Case Name: Decision of Honorable Special Full Bench Hearing Ayodhya Matters
Contributing Author: Ratna Kapur
Synopsis: This module contains Ratna Kapur’s case study on the Ayodhya.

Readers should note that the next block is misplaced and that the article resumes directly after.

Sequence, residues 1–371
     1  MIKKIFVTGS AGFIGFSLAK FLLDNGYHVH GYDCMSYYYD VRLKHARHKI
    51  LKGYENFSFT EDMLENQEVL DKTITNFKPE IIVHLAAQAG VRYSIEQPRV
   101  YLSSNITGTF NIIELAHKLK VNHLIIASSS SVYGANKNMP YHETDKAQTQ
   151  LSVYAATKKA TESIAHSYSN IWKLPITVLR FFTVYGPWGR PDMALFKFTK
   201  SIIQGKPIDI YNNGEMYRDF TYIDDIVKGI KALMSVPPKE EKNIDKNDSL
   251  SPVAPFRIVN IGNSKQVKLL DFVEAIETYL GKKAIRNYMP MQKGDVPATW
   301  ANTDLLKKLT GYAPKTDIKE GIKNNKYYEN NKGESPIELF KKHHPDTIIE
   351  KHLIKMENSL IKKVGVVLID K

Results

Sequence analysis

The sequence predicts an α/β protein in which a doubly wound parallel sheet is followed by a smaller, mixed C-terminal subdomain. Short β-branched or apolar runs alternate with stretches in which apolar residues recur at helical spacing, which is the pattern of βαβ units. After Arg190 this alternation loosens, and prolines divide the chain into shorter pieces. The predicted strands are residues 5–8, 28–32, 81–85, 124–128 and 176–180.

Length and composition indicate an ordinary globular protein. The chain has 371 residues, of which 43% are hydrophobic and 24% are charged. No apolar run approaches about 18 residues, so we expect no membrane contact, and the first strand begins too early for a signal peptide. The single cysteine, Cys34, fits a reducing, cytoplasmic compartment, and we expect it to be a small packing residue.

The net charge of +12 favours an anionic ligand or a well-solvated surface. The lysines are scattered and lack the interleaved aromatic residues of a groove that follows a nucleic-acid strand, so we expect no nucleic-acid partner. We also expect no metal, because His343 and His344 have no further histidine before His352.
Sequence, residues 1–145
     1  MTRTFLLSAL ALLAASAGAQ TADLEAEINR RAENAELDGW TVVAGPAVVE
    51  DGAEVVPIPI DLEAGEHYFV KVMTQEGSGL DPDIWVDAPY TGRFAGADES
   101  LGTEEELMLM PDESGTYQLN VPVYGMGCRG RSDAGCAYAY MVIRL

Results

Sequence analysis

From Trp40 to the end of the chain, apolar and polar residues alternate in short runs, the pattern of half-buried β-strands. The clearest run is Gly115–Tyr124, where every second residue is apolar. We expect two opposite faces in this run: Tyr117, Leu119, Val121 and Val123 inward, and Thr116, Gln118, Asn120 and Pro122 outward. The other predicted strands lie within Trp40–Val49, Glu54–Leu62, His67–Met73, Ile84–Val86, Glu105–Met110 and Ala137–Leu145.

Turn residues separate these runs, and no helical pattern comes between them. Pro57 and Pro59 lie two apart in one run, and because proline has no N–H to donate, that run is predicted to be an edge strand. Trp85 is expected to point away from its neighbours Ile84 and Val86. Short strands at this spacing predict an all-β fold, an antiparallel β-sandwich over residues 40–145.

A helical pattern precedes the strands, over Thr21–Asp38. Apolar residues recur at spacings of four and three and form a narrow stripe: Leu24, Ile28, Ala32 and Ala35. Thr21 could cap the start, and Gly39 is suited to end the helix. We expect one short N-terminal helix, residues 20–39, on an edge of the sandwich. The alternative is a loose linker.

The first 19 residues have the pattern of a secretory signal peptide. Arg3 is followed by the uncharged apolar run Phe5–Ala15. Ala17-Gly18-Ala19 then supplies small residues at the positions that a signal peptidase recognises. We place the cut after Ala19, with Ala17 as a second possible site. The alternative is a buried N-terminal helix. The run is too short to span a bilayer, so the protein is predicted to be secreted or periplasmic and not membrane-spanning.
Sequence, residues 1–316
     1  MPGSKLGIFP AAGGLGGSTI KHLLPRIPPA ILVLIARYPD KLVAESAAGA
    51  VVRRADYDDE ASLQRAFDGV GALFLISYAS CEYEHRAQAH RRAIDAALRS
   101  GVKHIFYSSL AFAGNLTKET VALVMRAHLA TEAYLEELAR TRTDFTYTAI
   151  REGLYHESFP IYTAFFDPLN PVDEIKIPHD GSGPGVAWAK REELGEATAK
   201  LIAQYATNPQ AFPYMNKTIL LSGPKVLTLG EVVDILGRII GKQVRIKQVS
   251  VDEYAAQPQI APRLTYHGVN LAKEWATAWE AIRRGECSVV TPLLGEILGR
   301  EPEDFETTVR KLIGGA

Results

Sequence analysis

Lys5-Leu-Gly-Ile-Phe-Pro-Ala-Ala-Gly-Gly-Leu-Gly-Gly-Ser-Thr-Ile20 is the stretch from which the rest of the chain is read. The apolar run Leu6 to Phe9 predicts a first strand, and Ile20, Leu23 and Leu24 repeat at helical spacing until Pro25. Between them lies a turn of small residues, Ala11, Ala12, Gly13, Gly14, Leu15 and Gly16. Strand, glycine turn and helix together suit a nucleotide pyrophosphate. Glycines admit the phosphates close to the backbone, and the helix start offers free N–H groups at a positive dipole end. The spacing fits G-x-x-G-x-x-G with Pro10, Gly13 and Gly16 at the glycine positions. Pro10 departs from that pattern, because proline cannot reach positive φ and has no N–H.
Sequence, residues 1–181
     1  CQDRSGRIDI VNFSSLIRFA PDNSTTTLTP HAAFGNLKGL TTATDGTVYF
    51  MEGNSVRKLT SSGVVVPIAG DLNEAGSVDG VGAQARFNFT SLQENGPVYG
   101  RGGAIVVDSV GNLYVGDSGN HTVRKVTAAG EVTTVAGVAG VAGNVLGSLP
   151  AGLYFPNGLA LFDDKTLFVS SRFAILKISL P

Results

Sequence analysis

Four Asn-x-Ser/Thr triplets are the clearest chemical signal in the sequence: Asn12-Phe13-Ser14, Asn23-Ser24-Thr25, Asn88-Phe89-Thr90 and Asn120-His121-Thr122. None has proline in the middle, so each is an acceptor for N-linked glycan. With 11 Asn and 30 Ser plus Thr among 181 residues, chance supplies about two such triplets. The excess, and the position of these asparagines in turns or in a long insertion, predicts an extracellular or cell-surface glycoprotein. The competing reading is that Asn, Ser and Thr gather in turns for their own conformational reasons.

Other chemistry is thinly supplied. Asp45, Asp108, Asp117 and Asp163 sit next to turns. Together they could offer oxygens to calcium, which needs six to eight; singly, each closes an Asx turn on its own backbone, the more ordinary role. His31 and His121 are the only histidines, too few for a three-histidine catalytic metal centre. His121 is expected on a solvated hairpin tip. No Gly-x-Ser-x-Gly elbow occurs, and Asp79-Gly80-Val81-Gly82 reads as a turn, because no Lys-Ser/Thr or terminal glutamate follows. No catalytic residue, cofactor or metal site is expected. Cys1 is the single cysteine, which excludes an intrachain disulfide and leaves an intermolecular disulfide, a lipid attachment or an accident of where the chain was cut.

Summary: Ratna Kapur’s case study on the Ayodhya case shows that in India religious freedom consists in the state granting various religious groups juridical autonomy over family affairs in the form of family or personal status laws. Thus various religious groups, including Hindus, Muslims, Sikhs, Christians, Buddhists, Jains, and Parsees, are legally recognized as both the addressees and bearers of claims of right. These claims are recognized as extending to individual and collective aspects of freedom of religion and to the protection of separate (majority and minority) religious and cultural identities. Such a conception of religious freedom is not without paradoxes, as exemplified in politically charged battles over the status of family law: feminist critics often assert that these laws privilege group rights over the rights of women as individuals. Others argue that instituting a uniform civil code for adjudicating family affairs would compromise the autonomy accorded to religious minorities. Such contestations illustrate the contested and polyvalent nature of claims to religious freedom in situations where the collective aspects of the right are legalize d.